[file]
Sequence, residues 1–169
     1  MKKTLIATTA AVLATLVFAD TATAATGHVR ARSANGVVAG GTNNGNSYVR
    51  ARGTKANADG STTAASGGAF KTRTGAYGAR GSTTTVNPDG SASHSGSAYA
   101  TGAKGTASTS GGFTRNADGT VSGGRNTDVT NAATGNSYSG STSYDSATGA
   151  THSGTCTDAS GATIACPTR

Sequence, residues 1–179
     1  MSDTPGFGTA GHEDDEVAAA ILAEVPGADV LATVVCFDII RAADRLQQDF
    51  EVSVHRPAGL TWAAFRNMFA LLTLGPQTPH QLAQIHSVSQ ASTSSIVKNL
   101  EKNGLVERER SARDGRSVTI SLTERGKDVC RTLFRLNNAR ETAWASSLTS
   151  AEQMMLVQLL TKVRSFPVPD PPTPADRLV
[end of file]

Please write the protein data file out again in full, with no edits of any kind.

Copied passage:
Sequence, residues 1–169
     1  MKKTLIATTA AVLATLVFAD TATAATGHVR ARSANGVVAG GTNNGNSYVR
    51  ARGTKANADG STTAASGGAF KTRTGAYGAR GSTTTVNPDG SASHSGSAYA
   101  TGAKGTASTS GGFTRNADGT VSGGRNTDVT NAATGNSYSG STSYDSATGA
   151  THSGTCTDAS GATIACPTR

Sequence, residues 1–179
     1  MSDTPGFGTA GHEDDEVAAA ILAEVPGADV LATVVCFDII RAADRLQQDF
    51  EVSVHRPAGL TWAAFRNMFA LLTLGPQTPH QLAQIHSVSQ ASTSSIVKNL
   101  EKNGLVERER SARDGRSVTI SLTERGKDVC RTLFRLNNAR ETAWASSLTS
   151  AEQMMLVQLL TKVRSFPVPD PPTPADRLV